• For instance we see that Aruba (code ABW) is classified as a
high income Latin America & Caribbean country.
(c) Metadata_Indicator_API_SP.POP.GROW_DS2_en_csv_v2_989327.csv
• You can disregard this file. We won’t be needing it.
2. Clean the data set.
(a) Country rows in the two tabs should line up properly, except there
is one extra row on the main tab.
• This row is labeled Not classified (code INX).
• Delete the row and verify (by looking at country codes) that
rows on both tabs now agree.
(b) Initially, the metadata tab has five columns. Our work will be
made easier if we add a sixth column to the second tab called
Country Names, copied over from the main tab.
• At first, you might think we could use the country names in
the TableName column (Column E) on the metadata tab.
• However, you will see that entries in these two columns are
not always the same. Compare, for instance, entries for Côte
d’Ivoire, Curaçao, and São Tomé and Principe.
• These discrepancies would throw off our calculations.
(c) So, carefully copy data from the Country Names column on the
main tab to the sixth column (Column F) of the metadata tab.
3. Create a region dropdown like the one shown in the screenshot, where
Europe & Central Asia has been selected.
• Add a Data Validation from the Data menu, populating it with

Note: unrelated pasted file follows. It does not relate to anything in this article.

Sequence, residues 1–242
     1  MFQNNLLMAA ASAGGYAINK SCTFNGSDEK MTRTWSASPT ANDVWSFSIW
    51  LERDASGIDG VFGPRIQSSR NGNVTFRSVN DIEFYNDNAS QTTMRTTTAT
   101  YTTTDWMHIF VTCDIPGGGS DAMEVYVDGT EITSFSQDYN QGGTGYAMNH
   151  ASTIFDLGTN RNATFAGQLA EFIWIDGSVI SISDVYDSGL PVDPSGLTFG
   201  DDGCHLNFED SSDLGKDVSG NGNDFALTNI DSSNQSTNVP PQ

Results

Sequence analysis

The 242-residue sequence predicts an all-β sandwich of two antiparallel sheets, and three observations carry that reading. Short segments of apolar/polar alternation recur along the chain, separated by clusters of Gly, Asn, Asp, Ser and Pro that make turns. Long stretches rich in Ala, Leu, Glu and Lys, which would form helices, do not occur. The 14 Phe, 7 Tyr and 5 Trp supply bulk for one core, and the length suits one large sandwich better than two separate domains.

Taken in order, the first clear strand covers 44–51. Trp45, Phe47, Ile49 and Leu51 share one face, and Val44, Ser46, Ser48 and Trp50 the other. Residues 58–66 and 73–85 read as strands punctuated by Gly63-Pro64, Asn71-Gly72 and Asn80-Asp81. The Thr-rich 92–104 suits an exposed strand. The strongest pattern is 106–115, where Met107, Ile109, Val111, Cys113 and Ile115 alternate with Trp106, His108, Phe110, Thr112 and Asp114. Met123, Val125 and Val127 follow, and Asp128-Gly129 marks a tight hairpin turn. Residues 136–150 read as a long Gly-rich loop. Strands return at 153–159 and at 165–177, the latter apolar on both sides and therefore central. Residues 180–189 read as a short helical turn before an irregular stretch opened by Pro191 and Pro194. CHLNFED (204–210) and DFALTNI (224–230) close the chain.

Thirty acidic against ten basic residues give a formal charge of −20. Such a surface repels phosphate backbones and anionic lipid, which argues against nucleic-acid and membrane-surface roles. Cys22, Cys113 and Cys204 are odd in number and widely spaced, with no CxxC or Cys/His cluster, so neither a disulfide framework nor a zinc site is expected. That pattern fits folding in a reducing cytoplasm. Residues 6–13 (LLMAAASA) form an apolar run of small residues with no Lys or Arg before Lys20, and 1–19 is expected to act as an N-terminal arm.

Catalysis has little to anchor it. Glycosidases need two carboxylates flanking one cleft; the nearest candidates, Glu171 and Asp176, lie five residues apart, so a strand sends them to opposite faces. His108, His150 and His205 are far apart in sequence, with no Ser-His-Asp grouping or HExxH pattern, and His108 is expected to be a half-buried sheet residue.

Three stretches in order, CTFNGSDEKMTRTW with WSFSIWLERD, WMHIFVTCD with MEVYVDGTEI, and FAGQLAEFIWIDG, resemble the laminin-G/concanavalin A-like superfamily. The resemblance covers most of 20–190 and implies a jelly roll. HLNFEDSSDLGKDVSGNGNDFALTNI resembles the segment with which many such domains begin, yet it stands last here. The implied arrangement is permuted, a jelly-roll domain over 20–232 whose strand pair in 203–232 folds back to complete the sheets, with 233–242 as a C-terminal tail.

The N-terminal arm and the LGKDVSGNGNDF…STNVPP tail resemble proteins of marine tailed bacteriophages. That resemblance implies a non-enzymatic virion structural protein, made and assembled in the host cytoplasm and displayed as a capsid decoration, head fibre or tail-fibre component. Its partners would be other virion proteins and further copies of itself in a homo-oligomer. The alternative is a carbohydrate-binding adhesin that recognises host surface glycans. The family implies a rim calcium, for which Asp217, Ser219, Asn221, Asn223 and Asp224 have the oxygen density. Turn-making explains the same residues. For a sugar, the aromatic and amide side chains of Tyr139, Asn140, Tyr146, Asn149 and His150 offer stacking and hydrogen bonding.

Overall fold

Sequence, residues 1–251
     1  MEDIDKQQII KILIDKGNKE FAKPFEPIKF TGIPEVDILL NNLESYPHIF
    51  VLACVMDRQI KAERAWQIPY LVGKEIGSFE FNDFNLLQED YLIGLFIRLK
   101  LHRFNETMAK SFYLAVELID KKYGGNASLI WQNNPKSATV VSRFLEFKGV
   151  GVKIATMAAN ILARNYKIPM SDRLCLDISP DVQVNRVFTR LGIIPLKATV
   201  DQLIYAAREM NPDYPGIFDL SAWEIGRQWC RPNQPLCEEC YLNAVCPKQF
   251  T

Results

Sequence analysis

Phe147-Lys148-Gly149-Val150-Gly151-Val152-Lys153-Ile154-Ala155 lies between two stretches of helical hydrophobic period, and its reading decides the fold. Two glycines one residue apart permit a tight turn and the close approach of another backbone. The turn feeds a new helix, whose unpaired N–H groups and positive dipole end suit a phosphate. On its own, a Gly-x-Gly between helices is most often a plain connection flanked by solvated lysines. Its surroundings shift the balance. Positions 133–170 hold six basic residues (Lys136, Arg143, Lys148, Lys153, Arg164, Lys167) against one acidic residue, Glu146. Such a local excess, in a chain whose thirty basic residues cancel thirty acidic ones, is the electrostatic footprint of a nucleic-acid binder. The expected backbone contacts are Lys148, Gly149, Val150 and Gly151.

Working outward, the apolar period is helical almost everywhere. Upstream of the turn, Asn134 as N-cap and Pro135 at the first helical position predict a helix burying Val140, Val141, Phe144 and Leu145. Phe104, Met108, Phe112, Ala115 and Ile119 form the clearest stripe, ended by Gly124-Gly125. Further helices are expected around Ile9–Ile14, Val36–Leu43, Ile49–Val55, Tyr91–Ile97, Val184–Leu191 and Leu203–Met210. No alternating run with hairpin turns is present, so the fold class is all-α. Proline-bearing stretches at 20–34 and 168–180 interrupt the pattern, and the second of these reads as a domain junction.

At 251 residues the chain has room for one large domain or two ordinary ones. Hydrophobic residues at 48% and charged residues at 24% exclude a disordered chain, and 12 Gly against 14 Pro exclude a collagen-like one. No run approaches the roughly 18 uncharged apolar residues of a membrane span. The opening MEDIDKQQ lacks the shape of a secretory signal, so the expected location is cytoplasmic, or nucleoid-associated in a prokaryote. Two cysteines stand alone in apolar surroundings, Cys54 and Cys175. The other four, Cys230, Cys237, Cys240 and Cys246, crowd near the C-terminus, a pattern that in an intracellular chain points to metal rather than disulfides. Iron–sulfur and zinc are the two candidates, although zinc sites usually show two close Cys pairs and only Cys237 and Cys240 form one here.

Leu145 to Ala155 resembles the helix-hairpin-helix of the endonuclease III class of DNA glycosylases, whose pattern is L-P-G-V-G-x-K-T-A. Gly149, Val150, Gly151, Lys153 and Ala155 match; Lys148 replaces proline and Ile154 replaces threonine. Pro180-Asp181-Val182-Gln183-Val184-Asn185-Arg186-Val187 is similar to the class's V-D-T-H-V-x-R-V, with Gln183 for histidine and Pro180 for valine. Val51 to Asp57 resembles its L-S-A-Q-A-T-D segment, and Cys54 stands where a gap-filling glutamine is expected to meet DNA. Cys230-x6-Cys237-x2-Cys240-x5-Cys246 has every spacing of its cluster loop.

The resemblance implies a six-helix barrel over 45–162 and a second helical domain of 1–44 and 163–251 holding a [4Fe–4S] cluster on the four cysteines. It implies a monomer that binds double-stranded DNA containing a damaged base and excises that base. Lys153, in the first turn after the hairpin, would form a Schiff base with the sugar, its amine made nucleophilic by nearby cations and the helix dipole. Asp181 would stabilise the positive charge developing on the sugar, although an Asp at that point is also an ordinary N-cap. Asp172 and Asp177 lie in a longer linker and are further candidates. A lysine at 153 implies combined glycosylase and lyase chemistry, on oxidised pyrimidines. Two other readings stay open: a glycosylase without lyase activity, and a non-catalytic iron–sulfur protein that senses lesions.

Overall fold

values from the Region column of the metadata tab.
• Note that the Validation menu is smart enough to build a dropdown using unique, non-blank values from the Region column, so
you shouldn’t need to do anything special to make it work.
• Your finished dropdown should show seven different entries.
4. Create a country dropdown like the one shown in the screenshot, where
Romania has been selected. This will be a multi-step process.
(a) We need to retrieve all the countries corresponding to the region
selected (for instance, all the countries that correspond to Europe
& Central Asia). We can use the QUERY function for this.
• The QUERY function should select names of countries on the
metadata tab from the new column you inserted there when
cleaning the data set.
• QUERY should select only those countries matching the selected
region (for instance, Europe & Central Asia).
• Your formula might look something like: QUERY(metadata,
– Here, metadata is a named range pointing to the data on
your metadata tab.
– Here, statement might look like this: select F where